Ease Psoriasis Symptoms With These Foods

Discover which foods may help reduce your symptoms – and which may make things worse.

closeup of a bowl of blueberries and raspberries, surrounded by green vegetables

If you’re one of the 7.5 million Americans living with psoriasis, you know there’s nothing comfortable about the itchy, scaly skin that accompanies the skin condition. And the disease isn’t just hard to deal with; it’s also difficult to treat. However, there is some good news: Some foods may help ease your symptoms.

While there is no strong research in favor of a “psoriasis diet,” many experts recommend certain healthy foods to lower the inflammation that comes with the disease. These foods also reduce your odds of other health dangers related to psoriasis, such as heart disease and diabetes. If you’re looking to alleviate psoriasis symptoms, discover which foods you should pile on your plate—and which to leave off.

Foods to eat:


The National Psoriasis Foundation (NPF) recommends a heart-healthy diet not only to alleviate inflammation, but also to reduce the risk of coronary heart disease. Research has shown that people suffering from psoriasis and psoriatic arthritis have higher chances of developing cardiovascular disease. Fish fights both inflammation and heart disease with its high omega-3 fatty acid content. The NPF recommends eating fish twice a week, so make room on your plate for some savory salmon, trout or herring.

Omega-3’s aren’t just found in fatty fish – they also come in capsule form. Though results have been mixed, some studies have found that fish oil supplements shrink psoriasis skin patches, and they may help with symptoms like itching, redness and scaling. Check with your doctor before taking high dosages, though.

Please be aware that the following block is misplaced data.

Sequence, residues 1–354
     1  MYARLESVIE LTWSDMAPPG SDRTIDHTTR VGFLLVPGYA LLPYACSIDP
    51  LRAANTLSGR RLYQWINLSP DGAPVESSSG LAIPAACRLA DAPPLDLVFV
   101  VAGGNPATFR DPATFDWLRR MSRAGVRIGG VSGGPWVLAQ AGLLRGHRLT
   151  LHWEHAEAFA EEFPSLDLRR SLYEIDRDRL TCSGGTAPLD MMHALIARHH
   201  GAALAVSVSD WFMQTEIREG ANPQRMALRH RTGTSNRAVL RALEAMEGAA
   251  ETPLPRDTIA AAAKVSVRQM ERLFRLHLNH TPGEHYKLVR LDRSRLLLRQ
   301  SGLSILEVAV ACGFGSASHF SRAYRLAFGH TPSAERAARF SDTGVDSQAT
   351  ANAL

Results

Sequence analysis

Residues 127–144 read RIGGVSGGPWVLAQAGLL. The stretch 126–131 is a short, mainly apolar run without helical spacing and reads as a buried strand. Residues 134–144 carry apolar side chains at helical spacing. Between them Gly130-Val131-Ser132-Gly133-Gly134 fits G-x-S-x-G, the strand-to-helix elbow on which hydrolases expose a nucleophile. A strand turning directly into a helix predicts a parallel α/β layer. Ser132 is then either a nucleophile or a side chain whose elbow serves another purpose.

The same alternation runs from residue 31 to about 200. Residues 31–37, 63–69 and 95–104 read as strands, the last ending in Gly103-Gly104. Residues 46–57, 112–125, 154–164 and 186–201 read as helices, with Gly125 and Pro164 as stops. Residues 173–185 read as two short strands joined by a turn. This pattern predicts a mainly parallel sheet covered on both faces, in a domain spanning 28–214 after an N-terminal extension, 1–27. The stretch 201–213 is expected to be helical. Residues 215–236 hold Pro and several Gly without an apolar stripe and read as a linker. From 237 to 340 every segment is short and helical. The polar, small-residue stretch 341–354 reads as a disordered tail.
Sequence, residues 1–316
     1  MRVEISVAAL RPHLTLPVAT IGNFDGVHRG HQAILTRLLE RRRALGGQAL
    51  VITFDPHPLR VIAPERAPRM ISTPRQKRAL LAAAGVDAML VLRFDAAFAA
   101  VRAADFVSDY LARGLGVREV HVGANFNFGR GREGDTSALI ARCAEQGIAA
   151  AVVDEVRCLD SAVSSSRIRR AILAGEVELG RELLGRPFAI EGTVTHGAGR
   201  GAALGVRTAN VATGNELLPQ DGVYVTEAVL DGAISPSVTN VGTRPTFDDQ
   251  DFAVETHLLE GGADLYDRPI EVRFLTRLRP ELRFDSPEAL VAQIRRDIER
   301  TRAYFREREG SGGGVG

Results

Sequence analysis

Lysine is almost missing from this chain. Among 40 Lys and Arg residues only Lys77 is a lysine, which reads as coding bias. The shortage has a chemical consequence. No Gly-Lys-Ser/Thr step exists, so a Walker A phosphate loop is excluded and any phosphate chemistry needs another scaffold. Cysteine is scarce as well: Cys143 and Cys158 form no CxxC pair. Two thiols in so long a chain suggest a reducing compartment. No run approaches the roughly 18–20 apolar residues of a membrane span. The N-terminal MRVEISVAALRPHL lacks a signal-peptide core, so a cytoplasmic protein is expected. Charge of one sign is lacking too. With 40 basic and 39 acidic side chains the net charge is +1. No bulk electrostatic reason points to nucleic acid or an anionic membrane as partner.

Whole grains

Whole grains are another food group that help fight psoriasis in two ways. One: Swapping out refined carbs in favor of whole grains, packed with vitamins and fiber, is a smart way to reduce inflammation. Two: Choosing whole grains can help you control your weight, and some research suggests that shedding excess pounds can improve psoriasis symptoms. Shun white rice and regular pasta, and opt for oatmeal, brown rice and quinoa instead.

A side note: Studies have hinted that a sensitivity to gluten, a protein found in wheat and other grains, could contribute to psoriasis in some people. Some (but not all) research found that a gluten-free diet can reduce symptoms.  If you think you might be sensitive to gluten, ask your doctor if a three-month trial of a gluten-free diet is worth a try.

Colorful fruits and vegetables

While there are no studies linking fruits and vegetables specifically to a reduction in psoriasis symptoms, the NPF says they’re a key part of an anti-inflammatory diet. Bursting with antioxidants, phytonutrients and fiber, vegetables and fruits are health superheroes. For the biggest benefits, include foods from across the rainbow: blueberries, spinach, kale, sweet potatoes, oranges, strawberries and cherries.

Foods to avoid:

Fatty red meats

Read meat is an inflammation and swelling culprit. A diet heavy on fatty red meats promotes heart disease, and people with psoriasis have a higher risk of cardiovascular diseases. It’s best to steer clear of red and fatty meats altogether or go for leaner options or red meat alternatives that aren’t as bad on your body.  


It’s well-known that heavy drinking increases the risk—and probably the severity—of psoriasis, though experts aren’t sure how. Alcohol can also make psoriasis treatment less effective and can interact dangerously with certain medications. Also, excessive drinking is usually accompanied by a poor diet, which may promote psoriasis flares. Ask your doctor if it’s safe for you to drink at all, and if so, do it in moderation—that means no more than one drink each day for women, two for men.

In addition to improving your diet, regular exercise, topical creams and medications may help improve your psoriasis. Visit our Psoriasis Topic Center to get more tips to live easier and better manage the condition.

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